• Call the Coalition's SNAP Hotline at 215-430-0556. A hotline counselor can tell you if you qualify and help you apply by phone. Open Monday-Thursday 9:00 a.m.-5:00 p.m. and Friday 9:00 a.m.-4:00 p.m.
  • Apply in person at your County Assistance Office. If you don't know where your office is, call the SNAP Hotline at 215-430-0556 and we will help you find it.
  • Apply online through COMPASS, rub by the state Department of Public Welfare.

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Q: What paperwork will I need to apply?

A: It depends. In general, the County Assistance Office may ask for:

  • Proof of ID
  • Proof of Social Security Number
  • Birth Certificates for children (though not required)
  • Proof of residency
  • Pay stubs for the past month
  • Proof of other income, including Social Security, worker's compensation, unemployment, child support, pension, SSI or SSD

The County Assistance Office is required to help you get any required documents. If you do not have these documents, you may be able to use a "collateral contact". A collateral contact is someone who can be expected to give reliable information about you, such as an employer, a neighbor, a landlord, a social service agency, etc.

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Q: What happens after I apply for SNAP?

A: You have 30 days from the day you apply to provide the documents that your County Assistance Office asks for. The office has 30 days to approve or deny your application. In that time, the office should contact you to schedule an interview, which can take place in person or over the phone.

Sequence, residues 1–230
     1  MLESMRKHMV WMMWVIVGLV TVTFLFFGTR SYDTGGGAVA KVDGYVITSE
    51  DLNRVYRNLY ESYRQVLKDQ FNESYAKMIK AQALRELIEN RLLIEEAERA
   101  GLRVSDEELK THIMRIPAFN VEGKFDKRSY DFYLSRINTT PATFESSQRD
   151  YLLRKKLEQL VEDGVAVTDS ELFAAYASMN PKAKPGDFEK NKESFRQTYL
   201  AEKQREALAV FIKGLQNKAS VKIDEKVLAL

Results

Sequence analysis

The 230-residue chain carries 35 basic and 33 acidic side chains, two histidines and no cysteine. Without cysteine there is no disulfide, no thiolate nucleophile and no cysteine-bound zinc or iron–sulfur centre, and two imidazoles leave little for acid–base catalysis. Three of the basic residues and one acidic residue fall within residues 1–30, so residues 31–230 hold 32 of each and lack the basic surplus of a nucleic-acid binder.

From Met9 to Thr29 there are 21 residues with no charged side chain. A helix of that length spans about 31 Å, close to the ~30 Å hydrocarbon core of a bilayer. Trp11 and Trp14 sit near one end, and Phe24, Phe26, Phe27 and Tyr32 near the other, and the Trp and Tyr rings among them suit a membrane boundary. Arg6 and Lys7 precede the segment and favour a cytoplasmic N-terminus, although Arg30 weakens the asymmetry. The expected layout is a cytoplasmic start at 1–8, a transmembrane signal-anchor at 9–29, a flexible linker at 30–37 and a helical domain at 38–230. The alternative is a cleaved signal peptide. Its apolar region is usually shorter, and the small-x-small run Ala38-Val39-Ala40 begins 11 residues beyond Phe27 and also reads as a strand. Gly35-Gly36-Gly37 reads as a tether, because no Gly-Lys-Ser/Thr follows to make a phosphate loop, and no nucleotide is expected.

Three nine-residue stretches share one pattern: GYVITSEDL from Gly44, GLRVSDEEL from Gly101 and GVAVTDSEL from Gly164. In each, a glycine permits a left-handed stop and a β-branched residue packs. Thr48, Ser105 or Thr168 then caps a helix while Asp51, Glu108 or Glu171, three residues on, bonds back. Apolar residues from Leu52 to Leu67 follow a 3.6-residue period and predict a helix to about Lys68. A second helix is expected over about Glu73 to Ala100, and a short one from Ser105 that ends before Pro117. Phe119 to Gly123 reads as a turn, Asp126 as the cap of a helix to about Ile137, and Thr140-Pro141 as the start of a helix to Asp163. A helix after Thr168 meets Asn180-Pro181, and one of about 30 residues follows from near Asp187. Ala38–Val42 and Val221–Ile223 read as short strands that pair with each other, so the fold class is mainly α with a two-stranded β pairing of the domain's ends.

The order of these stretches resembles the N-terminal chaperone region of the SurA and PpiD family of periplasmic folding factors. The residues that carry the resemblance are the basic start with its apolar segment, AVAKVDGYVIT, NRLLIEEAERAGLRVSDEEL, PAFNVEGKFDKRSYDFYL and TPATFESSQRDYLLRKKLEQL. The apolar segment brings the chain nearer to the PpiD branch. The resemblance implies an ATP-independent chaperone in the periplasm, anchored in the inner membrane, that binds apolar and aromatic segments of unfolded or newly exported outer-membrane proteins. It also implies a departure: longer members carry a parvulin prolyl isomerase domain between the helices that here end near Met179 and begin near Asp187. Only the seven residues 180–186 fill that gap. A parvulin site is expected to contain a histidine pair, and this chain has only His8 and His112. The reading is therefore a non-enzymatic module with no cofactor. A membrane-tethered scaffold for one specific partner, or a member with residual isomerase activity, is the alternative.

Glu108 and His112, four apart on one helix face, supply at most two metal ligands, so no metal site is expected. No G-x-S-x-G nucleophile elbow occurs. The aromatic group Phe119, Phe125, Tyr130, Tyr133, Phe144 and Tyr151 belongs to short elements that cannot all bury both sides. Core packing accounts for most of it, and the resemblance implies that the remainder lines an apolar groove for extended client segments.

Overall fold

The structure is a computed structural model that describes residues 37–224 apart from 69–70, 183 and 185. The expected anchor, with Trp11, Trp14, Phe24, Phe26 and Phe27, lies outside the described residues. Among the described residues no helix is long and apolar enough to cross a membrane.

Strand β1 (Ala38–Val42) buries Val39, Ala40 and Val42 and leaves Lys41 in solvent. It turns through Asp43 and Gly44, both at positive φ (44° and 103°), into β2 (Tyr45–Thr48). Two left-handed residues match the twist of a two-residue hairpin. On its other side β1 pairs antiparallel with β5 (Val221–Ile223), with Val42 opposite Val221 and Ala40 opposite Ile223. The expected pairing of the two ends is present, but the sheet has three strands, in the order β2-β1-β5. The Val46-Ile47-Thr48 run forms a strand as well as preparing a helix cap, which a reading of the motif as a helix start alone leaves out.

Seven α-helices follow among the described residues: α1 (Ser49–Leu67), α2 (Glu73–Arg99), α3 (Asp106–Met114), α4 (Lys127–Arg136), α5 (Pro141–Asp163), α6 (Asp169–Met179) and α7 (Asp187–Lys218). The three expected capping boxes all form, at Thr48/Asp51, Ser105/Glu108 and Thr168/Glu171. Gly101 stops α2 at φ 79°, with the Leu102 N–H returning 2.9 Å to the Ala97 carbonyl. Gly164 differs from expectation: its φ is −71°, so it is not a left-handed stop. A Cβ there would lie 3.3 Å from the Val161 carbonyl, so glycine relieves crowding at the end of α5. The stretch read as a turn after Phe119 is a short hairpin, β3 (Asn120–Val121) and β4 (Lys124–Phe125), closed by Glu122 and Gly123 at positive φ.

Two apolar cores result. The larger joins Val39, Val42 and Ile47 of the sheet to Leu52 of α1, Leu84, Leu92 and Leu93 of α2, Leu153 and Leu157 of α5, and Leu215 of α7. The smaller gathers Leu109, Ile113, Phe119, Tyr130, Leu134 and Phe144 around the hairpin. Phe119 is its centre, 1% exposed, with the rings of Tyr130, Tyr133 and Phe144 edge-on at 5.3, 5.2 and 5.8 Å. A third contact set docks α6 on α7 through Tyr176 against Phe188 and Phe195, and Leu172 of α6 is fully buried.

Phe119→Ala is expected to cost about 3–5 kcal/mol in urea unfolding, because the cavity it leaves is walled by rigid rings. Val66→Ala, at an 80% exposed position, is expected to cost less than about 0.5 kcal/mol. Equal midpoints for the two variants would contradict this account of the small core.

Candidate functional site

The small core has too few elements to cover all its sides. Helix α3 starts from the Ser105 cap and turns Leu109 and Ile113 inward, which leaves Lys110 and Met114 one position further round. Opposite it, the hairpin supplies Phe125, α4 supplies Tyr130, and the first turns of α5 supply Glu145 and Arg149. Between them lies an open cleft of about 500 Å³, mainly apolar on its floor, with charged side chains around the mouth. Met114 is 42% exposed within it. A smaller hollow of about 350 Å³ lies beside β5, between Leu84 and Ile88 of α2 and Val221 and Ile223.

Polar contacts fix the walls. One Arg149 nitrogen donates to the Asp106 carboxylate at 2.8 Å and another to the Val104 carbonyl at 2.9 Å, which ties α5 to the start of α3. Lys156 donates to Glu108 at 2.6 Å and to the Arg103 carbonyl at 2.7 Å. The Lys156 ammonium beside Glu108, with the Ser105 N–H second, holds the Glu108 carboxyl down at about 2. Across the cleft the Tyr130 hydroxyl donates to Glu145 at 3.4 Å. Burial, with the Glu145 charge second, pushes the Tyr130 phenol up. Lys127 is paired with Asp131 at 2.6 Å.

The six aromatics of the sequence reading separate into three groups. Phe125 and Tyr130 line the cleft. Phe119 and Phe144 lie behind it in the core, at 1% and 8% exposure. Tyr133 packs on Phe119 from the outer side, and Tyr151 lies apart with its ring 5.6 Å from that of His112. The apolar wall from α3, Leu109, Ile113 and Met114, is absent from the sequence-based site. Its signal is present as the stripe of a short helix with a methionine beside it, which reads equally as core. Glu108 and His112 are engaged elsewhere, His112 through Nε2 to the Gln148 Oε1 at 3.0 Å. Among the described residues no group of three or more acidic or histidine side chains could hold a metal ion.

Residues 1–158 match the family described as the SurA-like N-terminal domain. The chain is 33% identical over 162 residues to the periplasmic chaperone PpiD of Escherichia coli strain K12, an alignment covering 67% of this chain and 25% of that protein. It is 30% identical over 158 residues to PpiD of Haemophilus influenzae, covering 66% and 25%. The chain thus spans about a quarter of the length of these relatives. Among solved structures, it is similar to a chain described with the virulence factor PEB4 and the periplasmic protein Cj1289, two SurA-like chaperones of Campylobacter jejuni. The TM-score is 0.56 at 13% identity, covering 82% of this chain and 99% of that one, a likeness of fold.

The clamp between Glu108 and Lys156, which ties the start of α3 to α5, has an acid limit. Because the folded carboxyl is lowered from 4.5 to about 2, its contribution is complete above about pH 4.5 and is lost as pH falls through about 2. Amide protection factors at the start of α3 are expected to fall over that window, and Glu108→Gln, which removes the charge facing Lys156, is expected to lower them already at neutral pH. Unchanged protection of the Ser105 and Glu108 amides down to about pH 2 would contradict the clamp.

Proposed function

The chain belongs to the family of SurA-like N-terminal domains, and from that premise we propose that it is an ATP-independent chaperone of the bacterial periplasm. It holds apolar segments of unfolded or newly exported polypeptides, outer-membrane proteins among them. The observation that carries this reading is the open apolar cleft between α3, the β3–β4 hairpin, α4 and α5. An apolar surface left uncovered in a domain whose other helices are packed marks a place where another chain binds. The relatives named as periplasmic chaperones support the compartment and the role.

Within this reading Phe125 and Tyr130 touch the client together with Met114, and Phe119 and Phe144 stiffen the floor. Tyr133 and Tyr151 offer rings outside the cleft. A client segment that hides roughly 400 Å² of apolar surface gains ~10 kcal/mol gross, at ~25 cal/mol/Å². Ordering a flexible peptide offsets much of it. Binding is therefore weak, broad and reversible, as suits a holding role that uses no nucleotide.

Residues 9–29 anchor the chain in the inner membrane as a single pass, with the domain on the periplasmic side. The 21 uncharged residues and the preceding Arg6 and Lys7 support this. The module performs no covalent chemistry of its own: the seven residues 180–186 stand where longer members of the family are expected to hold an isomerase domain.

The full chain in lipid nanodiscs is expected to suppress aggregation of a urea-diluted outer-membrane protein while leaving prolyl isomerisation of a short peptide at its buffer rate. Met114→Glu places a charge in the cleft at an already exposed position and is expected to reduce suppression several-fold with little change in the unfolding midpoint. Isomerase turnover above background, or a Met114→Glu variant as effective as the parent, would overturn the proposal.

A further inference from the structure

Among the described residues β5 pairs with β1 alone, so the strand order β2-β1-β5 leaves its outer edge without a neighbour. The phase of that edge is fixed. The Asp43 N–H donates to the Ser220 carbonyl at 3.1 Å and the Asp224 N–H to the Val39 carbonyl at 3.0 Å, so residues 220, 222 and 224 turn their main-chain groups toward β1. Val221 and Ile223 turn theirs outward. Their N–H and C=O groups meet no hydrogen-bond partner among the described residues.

You can also drop off your application and documents to the office and wait for an interview. Interviews are conducted on a first-come, first-served basis.

You may also mail copies of your documents to the office. Never submit original documents.

We recommend that you drop off or fax documents to the office instead of sending them by mail, to ensure they arrive. If you drop off documents at the office, be sure to ask for a receipt.

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Q: Can I get my SNAP benefits before 30 days?

A: Only if you qualify for "expedited", or emergency, SNAP benefits. That means:

  • The value of total liquid resources if $100 or less and countable monthly gross income is less than $150; OR
  • The household's combined monthly gross income and liquid resources are less than their monthly shelter expenses. Shelter expenses include rent or mortgage, property taxes, homeowner's insurance, and the appropriate standard utility allowance; OR
  • All members are migrant workers or seasonal farm workers who have $100 or less in liquid resources and have nothing else to live on.

People who qualify for expedited SNAP benefits must get them within five calendar days.

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Q: How do I check on my application for SNAP?

A: If you have not heard from your County Assistance Office within three weeks, call the Department of Public Welfare's Change Center: 215-560-7226.

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Q: What if I still need help applying for SNAP?

A: Call the Coalition's SNAP Hotline: 215-430-0556